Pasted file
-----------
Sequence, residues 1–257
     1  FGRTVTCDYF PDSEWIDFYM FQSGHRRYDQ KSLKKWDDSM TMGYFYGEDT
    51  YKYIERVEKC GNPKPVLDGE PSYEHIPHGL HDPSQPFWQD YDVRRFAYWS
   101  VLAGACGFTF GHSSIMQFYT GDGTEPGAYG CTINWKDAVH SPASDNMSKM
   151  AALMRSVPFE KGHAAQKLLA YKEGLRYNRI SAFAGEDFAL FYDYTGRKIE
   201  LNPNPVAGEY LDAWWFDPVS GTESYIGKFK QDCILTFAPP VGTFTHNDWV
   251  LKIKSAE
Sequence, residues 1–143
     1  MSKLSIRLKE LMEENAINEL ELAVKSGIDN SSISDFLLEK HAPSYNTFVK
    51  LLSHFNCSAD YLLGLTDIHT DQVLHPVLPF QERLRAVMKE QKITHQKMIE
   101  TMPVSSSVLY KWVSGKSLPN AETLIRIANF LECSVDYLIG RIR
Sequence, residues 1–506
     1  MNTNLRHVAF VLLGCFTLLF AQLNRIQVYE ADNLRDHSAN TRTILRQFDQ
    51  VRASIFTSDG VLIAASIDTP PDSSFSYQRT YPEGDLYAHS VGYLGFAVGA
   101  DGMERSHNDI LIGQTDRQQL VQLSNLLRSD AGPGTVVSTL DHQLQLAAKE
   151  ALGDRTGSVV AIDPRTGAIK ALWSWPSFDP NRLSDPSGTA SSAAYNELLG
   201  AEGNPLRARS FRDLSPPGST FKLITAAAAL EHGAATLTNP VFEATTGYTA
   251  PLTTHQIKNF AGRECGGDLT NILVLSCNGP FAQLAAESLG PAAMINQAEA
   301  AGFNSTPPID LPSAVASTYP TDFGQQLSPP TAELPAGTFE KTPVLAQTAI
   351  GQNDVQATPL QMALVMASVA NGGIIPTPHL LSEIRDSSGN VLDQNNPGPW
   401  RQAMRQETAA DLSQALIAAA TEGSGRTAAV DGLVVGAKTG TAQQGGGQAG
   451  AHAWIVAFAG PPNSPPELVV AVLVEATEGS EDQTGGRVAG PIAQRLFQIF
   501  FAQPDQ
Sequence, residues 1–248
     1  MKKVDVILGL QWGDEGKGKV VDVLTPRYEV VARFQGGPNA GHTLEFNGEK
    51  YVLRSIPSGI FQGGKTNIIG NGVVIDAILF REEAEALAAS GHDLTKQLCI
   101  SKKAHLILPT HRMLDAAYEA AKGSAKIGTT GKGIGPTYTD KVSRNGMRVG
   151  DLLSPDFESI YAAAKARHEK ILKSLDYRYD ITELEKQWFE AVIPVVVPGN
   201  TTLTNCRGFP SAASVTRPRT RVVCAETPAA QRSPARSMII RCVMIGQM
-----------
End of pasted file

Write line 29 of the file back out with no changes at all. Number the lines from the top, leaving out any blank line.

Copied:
   201  TTLTNCRGFP SAASVTRPRT RVVCAETPAA QRSPARSMII RCVMIGQM